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$1 Billion Myrtle Beach Investor Shaken



Chapin Library

An international investment group indicated recent missteps by Myrtle Beach City Government have them concerned about a potential $1 billion investment in the Myrtle Beach downtown area.

A hastily thrown together press conference called by the city earlier this week announced the demolition of the historic Myrtle Beach Super Block in favor of a new SuperBlock Library and Children’s Museum.   The press conference was needed after the owner of Natalias Bar and Grill,  Natalie Litsey, leaked the below email sent from Myrtle Beach City Councilman Wayne Gray to the press.

Ms. Litsey has stated repeatedly that her business in the SuperBlock was closed by city government because the city planned to purchase and tear down the existing buildings.  Ms. Litsey has put up a video of her statements on FACEBOOK which can be seen below.  Miss Litsey has also filed a Federal Lawsuit.


The Library press event has been viewed as a “cover story” by many local merchants after it was revealed that ordinance “S.C. Home Rule 75”  limits the jurisdiction of all public libraries to counties in the state of S.C.   Chapin Library, which has been located at 400 14th Ave N, Myrtle Beach, SC 29577 since 1948 is actually a private/city hybrid.   The only way the library could continue to function as such in the new location would be to continue its existence under the charter of the Chapin Foundation.   Grand Dunes, Pine Lakes, and Market Common residents we spoke with were unsure if it was wise to borrow $10 million for the building of a new city library with city taxpayer monies for such a hybrid property.

Myrtle Beach city government is working rapidly to tear down as many existing structures as possible in the entire downtown area with a $10 million infrastructure loan that will need to be paid back by city taxpayers if no investors materialize.

Our internal group believed a deal was already in hand that would take out Myrtle Beach’s largest landowner inside the city,  as well as the city’s largest oceanfront property manager  (hotel group).   We spoke with a key international investor this week who said that the group had not invested one penny to date.   He also indicated that the group had been shaken by comments expressed from residents in the comments sections of local articles in the Sun News after the press conference was held on Tuesday.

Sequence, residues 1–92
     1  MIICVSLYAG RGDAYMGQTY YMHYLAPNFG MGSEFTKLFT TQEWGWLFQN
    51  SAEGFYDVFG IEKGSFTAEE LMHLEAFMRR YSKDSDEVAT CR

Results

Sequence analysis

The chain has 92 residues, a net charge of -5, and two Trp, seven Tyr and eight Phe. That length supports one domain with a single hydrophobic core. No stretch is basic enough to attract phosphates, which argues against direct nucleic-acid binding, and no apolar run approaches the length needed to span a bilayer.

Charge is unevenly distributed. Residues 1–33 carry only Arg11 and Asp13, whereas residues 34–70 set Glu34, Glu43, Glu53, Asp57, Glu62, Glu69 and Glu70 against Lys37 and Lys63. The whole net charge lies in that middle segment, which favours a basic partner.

It would have to be a win/win,” he said.  “The group would need a stable city government in place for a minimum of 20 years for the deal to make sense.  The group would also need the entire Myrtle Beach resident community to come on board as well,” he added.   Recent missteps by Councilman Wayne Gray, City Manager John Pedersen, and Mayor John Rhodes has the group concerned.

Myrtle Beach city government has moved forward quickly tearing down as many properties as possible in its plans to help create a corporate opportunity for one investment group to own the property management contracts on over 22 city-wide oceanfront hotels, a high-rise oceanfront hotel, and a downtown TIF district filled with restaurants and shopping.   While the city continues to upset local merchants,  no investor is actually in place at this time and city taxpayers are fully on the hook for the $10 million tab.

Redevelopment Key Map

A portion of downtown redevelopment prime areas

Councilmen Wayne Gray, Mike Lowder, Randal Wallace and Mayor Rhodes are all up for re-election this coming November.

Myrtle Beach City Politicians




David Hucks is a 12th generation descendant of the area we now call Myrtle Beach, S.C. David attended Coastal Carolina University and like most of his family, has never left the area. David is the lead journalist at